At first, scientists posited that the star's intermittent shining was due to comet swarms, but that seemed far less plausible when evidence emerged that it had been irregularly dimmed for over a century. But some have claimed the historical evidence is too unreliable to support a clear decreasing trend, pointed out Gizmodo.
So earlier this year, researchers Ben Montet of CalTech and Joshua Simon of the Carnegie Institute chose to study a few years of data on KIC 8462852, nicknamed Tabby's Star, gathered by the very precise Kepler space telescope. Ultimately, they explain in an unpublished report, the light decline is significant, not replicated by other nearby stars and is most likely not due to a comet cloud.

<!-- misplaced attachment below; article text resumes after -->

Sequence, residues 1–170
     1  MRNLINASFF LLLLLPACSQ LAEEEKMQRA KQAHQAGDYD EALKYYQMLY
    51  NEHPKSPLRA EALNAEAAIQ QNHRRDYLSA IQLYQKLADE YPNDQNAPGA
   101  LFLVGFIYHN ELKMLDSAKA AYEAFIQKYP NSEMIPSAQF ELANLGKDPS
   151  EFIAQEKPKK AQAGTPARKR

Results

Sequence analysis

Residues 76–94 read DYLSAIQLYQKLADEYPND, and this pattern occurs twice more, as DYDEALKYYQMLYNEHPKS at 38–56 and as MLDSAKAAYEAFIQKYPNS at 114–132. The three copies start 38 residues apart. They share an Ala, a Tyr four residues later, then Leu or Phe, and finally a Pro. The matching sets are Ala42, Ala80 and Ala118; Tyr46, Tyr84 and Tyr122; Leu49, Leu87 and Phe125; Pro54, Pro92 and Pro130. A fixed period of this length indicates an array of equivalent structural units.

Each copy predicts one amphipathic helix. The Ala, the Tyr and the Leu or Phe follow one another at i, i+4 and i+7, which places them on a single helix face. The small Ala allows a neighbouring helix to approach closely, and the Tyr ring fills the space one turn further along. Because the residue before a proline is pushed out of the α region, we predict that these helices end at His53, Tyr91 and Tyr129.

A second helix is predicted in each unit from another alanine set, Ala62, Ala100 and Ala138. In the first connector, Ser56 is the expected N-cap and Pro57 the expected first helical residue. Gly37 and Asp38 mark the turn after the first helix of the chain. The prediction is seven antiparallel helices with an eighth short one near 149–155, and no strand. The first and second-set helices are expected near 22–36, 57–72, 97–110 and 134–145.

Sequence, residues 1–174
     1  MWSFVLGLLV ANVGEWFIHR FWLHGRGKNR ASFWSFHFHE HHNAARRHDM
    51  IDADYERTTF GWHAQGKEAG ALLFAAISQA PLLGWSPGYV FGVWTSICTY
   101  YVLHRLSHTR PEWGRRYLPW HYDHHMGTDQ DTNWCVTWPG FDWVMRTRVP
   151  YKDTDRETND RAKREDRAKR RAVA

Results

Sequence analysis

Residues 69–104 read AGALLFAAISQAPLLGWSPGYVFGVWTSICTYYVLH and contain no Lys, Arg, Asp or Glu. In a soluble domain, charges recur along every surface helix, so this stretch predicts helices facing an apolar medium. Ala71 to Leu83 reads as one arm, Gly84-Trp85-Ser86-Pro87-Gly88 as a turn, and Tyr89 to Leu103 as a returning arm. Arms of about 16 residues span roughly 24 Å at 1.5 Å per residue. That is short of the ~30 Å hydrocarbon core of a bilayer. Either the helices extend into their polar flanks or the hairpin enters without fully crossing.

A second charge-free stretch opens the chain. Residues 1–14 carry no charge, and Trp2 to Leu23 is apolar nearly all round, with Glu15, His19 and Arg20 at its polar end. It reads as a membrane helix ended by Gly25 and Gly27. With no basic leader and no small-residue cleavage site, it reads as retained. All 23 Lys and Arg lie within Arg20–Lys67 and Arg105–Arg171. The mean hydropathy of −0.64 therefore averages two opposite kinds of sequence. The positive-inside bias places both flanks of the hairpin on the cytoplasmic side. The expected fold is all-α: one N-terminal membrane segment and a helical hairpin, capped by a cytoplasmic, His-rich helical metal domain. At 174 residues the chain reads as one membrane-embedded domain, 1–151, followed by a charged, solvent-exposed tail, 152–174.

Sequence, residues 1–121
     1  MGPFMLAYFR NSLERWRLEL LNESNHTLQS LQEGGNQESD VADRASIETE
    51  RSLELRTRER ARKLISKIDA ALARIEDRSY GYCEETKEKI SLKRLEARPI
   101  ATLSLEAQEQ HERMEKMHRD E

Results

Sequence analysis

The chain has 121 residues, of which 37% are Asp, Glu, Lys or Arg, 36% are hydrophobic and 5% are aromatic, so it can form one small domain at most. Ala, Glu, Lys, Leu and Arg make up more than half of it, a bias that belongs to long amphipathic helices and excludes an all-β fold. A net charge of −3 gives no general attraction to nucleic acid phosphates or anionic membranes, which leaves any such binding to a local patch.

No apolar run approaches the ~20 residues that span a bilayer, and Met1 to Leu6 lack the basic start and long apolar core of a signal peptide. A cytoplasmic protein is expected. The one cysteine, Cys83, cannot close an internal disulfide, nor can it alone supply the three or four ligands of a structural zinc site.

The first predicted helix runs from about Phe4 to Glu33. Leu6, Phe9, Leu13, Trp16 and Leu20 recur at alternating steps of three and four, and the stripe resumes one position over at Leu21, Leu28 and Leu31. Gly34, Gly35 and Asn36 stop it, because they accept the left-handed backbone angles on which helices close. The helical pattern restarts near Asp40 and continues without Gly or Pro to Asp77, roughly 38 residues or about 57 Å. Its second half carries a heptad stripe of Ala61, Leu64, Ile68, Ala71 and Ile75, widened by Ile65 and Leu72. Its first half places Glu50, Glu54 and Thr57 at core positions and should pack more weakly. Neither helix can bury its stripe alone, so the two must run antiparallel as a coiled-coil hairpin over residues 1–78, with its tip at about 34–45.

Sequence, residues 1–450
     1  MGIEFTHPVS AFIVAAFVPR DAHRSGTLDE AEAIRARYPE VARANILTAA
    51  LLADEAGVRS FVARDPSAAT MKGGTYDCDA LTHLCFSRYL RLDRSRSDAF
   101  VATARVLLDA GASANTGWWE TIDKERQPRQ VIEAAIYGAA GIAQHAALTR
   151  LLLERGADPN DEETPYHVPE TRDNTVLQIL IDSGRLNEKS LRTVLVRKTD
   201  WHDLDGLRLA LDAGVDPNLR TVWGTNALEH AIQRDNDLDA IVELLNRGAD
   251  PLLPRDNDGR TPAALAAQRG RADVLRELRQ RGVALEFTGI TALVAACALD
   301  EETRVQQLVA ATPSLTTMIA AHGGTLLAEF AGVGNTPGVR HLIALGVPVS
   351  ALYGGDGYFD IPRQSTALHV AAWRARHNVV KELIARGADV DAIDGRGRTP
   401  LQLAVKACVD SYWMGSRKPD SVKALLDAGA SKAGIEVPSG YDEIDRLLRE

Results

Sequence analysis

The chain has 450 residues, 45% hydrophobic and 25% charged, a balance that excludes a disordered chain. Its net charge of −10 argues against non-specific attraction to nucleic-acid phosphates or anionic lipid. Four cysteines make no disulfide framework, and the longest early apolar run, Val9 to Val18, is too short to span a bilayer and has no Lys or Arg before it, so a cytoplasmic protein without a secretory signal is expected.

Back in October 2015, The Washington Post noted that scientists have mostly dismissed the theory that alien structures are blocking light from Tabby's Star. Mostly. Aliens should always be the last hypothesis considered, a Penn State University professor told the Post, but it would explain the flickering. Sadly, no new information was revealed in the Louisiana State University researchers' report, so the dimming remains a mystery. In their own cryptic but measured words from the paper, "No known or proposed stellar phenomena can fully explain all aspects of the observed light curve."